War and the transformation of British society c1903–28
Key Topic 1: The Liberals, votes for women and social reform
Key Topic 2: The part played by the British on the Western Front
The BEF and 1914. Overview
The end of the war. Overview
Key Topic 3: The home front and social change
DORA, censorship and propaganda. Overview
Recruitment and rationing. Overview
The part played by women. Overview
Key Topic 4: Economic and social change 1918–28
The changing role of women 1918–28. Overview
The General Strike of 1926. Overview
The part Britain played in wartime events of 1914
At the beginning of the First World War the British Army was a small, professional force. It had 247,432 regular troops organised in four Guards and 68 line infantry regiments, 31 cavalry regiments, artillery and other support units. Almost half of the troops were stationed at garrisons around the world, rather than in the United Kingdom. In addition there was an Army Reserve of 145,00 former soldiers and a Special Reserve of 64000 men (similar to todays territorial army). A list called the National reserve was kept of all other men who had any previous military experience. There were 215,000 men on this list.
In August 1914 the British Expeditionary Force was mobilised. Six Infantry and One Cavalry Division were sent to France as the BEF. They totalled around 150,000 men. Each infantry division held 24 machine guns. Artillery was organised into separate brigades. In 1914 the BEF had 54 18 punder guns and 18 howlitzers. The Cavalry division was divided into 15 regiments in 5 brigades. The men were armed with rifles and supported by 24 13 pounder guns. This mobilised force sounds impressive but in reality it is very small compared with the French Army in 1914 who mobilized 1,650,000 troops and 62 infantry divisions, while the German Army mobilized 1,850,000 troops and 87 infantry divisions.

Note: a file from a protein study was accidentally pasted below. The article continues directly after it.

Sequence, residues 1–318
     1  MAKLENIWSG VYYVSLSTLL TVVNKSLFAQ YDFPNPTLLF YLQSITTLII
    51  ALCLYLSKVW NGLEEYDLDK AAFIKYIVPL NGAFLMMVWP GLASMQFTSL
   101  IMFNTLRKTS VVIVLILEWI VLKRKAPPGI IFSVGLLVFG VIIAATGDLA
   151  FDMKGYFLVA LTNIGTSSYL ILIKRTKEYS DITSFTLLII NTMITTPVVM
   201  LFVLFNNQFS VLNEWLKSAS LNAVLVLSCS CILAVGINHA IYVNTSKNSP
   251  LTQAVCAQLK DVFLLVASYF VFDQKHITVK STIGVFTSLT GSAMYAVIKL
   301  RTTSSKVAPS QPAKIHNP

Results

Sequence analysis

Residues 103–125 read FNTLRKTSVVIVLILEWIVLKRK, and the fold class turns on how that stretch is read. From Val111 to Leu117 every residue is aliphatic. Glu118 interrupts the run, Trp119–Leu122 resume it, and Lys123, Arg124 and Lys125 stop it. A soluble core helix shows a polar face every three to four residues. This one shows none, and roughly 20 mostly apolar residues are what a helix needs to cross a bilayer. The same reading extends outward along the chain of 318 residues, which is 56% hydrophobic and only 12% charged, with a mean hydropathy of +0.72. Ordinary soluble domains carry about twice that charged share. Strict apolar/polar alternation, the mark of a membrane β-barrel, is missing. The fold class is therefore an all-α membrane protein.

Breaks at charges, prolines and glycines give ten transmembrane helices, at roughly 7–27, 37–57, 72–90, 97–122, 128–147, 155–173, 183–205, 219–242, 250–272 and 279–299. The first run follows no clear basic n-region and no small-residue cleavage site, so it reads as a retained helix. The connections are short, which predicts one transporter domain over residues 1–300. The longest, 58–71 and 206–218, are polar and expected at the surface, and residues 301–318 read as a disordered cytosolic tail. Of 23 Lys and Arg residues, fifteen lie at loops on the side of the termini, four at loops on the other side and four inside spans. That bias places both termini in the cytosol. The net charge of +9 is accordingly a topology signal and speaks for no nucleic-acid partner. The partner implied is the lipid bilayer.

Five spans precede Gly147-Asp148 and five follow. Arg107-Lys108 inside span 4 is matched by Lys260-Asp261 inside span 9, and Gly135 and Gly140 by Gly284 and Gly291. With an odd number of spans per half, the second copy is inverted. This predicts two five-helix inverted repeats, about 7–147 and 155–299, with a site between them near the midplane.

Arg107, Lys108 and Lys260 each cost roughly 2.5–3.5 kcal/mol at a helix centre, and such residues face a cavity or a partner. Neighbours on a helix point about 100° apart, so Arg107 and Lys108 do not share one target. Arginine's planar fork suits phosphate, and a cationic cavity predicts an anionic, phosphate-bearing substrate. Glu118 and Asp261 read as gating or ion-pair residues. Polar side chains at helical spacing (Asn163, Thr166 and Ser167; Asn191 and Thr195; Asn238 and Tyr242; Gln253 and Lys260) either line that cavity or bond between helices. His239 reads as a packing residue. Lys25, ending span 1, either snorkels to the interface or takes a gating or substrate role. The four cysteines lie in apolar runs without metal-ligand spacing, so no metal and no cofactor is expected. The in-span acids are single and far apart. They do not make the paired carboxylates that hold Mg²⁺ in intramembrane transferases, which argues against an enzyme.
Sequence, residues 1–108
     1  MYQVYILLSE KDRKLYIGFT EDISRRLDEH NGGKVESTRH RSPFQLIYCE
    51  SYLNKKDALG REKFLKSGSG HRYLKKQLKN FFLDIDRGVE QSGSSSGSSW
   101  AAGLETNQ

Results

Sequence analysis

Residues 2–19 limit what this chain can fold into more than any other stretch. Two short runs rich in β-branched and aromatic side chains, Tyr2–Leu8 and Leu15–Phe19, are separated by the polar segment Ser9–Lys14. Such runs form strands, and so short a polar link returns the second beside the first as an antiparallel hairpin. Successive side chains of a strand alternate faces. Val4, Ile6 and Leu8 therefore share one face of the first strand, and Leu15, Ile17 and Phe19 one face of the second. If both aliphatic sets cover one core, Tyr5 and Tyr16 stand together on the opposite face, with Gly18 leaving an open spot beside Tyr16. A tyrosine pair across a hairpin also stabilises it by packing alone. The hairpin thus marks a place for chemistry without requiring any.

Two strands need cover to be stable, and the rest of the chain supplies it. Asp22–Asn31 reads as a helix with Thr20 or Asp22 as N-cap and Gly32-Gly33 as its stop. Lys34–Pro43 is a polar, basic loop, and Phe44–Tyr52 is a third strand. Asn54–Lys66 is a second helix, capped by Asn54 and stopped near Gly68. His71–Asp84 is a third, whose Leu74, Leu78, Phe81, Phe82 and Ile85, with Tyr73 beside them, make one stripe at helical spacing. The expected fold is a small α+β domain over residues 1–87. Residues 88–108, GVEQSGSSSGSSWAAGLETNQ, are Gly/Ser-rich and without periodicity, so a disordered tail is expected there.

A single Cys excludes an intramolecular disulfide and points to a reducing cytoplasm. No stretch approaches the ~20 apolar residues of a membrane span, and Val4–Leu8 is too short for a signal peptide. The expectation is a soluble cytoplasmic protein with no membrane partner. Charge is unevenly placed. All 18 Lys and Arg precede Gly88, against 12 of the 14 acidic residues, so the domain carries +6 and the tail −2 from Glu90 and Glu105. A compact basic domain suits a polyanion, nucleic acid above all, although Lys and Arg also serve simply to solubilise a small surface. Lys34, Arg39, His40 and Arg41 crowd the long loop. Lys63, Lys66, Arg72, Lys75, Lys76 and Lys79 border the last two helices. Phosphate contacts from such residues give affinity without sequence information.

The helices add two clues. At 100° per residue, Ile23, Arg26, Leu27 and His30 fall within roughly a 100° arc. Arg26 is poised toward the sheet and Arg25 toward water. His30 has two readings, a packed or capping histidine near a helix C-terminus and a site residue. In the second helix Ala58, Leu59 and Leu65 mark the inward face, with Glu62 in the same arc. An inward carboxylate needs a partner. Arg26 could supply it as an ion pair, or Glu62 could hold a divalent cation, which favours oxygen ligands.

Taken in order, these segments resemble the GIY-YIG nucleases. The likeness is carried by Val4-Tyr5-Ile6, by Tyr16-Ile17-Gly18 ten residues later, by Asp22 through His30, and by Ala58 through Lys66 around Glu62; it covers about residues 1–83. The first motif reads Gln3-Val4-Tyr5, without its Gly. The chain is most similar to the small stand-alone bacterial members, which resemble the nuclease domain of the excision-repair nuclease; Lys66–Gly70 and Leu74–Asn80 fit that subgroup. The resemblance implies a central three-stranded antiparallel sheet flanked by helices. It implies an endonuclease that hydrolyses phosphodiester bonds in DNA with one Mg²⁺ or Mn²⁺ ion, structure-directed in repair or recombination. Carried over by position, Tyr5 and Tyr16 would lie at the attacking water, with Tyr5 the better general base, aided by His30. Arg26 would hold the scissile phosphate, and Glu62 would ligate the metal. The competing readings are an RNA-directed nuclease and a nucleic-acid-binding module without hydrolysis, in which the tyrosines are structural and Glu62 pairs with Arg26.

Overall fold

The BEF was deployed on the Western Front in a section of the front lines near Mons. Their first action was the use of massed rifle firing to hold back the German advance. This was highly effective - indeed some Germans thought the British were using machine guns rather than rifles. They then retreated to a more secure defensive location at Le Cateau. At Le Cateau the Germans used different tactics. They fired shrapnel shells at the British lines which prevented them using massed rifle fire. Just short of 8000 men of the BEF, out of 40,000 stationed there, were casualities. Despite this heavy loss the BEF had achieved its objective as the bulk of the forces had been able to to move unattacked into positions closer to Paris that would help to secure the French Capital from attack.
The main rifle carried by British soldiers in 1914 was the Short Magazine Lee Enfield (SMLE). Introduced in 1903, the .303 inch calibre weapon had a magazine of ten rounds. While it packed a heavy recoil when fired, regular soldiers before the war were trained to fire a minimum of fifteen aimed rounds per minute, and be able to hit a target every time. This rate of fire was well above any other army in the world, and most soldiers were also trained to engage targets at distances up to 1000 yards. The SMLE had a high stopping power, being able to penetrate eighteen inches of oak, thirty-six inches of sandbags and two house bricks at up to 200 yards range. Source: British Infantryman, 1914-1915. http://battlefields1418.50megs.com/uniform1.htm
BEF: Battles of 1914
Battle of Mons - Wikipedia Entry.
Battle of Le Cateau - Wikipedia entry.